The presentations exposed most students to the details of the 1999 Columbine tragedy for the first time, using news recordings, security camera footage and touching background music. The goal, administrators said, was to encourage random acts of kindness, which Scott had made a goal in her life.
“I felt like it was the perfect program for our school,” said PTSA President Sydney Swaiston, who first saw the presentation at a state PTA conference.
“Wilson is in an urban environment with so many different ethnicities,” she said, referring to the presentation’s emphasis on battling prejudice.
Wilson has large Latino, Asian and Armenian populations, which students said can sometimes become divided.
“There are some Armenian and Mexican [lunch] tables,” said Daniel Sarkissian, 12, explaining that such cliques are often the root causes of fights.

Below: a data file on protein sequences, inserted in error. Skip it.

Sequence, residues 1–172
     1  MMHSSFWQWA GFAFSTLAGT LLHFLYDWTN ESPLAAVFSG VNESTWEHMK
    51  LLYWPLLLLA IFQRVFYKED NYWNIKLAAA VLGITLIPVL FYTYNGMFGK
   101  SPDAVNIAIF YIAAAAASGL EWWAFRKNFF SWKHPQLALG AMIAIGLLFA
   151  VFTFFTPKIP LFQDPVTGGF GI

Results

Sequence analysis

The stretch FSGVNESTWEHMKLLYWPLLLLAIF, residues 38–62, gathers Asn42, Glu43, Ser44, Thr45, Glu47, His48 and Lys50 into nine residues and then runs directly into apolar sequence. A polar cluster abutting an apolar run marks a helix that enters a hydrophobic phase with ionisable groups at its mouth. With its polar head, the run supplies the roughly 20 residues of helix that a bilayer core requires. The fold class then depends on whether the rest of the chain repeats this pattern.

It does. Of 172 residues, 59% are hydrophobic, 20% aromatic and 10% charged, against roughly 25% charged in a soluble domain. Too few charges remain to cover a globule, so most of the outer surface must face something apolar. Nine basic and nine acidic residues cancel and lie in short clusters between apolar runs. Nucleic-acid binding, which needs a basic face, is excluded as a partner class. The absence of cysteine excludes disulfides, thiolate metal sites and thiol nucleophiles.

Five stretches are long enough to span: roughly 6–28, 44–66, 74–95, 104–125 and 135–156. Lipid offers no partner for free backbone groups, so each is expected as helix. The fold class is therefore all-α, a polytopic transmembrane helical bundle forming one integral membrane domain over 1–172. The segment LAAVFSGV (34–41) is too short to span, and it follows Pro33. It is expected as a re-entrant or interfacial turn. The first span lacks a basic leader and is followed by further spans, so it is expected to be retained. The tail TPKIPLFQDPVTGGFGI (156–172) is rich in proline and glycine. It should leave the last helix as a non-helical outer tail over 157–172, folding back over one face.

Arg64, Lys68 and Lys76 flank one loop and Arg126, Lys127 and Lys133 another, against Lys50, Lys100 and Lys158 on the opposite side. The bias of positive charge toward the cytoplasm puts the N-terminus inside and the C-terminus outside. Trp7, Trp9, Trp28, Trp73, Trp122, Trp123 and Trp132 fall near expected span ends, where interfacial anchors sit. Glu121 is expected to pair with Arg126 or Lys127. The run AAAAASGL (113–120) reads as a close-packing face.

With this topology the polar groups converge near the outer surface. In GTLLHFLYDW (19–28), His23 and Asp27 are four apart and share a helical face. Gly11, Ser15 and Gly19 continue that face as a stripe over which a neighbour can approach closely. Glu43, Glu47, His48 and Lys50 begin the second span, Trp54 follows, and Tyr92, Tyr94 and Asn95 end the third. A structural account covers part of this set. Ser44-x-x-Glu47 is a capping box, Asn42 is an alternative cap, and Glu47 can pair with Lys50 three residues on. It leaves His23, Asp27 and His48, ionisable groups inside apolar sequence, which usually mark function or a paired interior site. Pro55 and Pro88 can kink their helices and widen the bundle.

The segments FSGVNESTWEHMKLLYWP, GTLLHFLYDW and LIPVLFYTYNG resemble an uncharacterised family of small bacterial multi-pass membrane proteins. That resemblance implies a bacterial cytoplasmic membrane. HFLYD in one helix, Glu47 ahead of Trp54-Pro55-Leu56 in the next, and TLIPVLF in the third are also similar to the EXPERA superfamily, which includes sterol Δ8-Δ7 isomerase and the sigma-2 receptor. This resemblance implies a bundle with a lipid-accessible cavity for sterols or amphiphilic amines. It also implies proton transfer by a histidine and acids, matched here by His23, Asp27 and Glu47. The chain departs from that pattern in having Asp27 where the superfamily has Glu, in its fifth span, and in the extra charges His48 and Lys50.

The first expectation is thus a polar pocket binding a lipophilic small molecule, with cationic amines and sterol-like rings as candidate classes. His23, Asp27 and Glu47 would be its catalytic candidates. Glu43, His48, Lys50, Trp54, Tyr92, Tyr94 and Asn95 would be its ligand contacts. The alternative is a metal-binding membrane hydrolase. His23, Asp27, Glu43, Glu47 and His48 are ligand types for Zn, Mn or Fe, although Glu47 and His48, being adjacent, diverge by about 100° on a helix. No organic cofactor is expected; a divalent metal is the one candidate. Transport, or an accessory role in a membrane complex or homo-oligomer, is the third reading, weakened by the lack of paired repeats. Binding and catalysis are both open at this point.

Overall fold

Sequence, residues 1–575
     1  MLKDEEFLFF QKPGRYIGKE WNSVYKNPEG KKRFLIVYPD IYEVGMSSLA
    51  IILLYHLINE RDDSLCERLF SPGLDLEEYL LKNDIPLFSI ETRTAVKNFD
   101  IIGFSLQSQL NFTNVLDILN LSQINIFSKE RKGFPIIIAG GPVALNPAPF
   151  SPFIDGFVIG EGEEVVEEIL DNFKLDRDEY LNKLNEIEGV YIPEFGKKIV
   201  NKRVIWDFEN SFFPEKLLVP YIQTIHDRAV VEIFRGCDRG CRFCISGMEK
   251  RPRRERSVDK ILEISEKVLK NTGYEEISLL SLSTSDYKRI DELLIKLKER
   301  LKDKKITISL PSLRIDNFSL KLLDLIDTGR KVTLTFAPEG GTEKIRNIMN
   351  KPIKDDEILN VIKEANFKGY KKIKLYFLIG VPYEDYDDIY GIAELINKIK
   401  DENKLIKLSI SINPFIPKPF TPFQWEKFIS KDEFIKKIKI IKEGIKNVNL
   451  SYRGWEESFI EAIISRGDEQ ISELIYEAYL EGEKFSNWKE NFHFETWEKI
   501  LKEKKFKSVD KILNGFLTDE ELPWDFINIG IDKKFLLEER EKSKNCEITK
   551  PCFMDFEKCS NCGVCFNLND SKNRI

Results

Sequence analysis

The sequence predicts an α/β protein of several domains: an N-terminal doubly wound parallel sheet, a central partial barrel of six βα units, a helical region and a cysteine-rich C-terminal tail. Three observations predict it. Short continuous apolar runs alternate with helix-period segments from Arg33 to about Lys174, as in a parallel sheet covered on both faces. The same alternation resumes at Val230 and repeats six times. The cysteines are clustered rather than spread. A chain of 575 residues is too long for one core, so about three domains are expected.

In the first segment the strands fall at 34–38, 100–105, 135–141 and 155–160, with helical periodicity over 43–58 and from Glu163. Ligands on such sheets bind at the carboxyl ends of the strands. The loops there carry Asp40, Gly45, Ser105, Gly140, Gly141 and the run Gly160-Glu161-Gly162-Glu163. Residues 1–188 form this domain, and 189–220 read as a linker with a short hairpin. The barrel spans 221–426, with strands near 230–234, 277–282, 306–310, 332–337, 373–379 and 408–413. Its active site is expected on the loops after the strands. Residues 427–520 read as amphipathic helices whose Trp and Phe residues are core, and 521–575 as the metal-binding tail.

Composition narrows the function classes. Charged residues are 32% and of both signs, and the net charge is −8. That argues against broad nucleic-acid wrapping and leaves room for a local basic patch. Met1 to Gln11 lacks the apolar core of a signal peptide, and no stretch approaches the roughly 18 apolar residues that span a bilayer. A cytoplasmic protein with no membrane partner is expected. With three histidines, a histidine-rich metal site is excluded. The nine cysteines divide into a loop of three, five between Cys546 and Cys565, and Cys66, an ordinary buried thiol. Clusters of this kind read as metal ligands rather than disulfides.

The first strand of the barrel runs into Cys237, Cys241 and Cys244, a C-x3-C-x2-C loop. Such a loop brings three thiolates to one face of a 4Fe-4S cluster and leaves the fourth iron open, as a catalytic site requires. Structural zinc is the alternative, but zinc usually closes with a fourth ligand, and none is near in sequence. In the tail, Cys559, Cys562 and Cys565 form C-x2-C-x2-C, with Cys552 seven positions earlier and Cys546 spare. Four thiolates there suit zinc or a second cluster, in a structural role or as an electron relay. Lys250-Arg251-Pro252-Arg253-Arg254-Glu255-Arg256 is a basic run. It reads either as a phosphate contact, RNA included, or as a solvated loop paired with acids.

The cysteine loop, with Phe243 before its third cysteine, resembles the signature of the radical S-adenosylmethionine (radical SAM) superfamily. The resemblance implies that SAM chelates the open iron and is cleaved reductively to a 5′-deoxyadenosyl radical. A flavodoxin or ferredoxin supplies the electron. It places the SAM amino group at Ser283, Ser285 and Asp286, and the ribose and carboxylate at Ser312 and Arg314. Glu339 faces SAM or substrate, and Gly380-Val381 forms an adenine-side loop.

Arlette Aparicio, 11, said eliminating prejudice — one of the presentation’s major themes — was important, especially when it came to bullies.
“They say, ‘Oh, you’re Hispanic? I’m going to bully you,’” Arlette said.
Overall, Principal Richard Lucas said, Wilson doesn’t have many serious problems.
With the exception of a few incidents involving BB gun possession in recent years, he said, there wasn’t much cause for alarm at the school.
Nevertheless, he said it was important to encourage compassion when even a small act of kindness could change a student’s mentality.
“They are young kids, and it could affect them in a lot of different ways,” Lucas said.
Students said the presentation on Scott was important and inspiring.
Before her death, Scott had written an essay on the importance of helping others through acts of kindness that could “start a chain reaction” of compassion. She also went out of her way to make others feel included and to stop hallway fights, said presenter Erin Lackey, a friend of the Scott family.
“I really felt sad,” said Brenda Aranda, 11. “Because she was actually changing the world, and it’s not fair that they killed her.”
“It was important,” said Grey Cabrera, 11, adding that when it came to some students’ negative attitudes toward their peers, “it might make a difference for kids to change their minds.”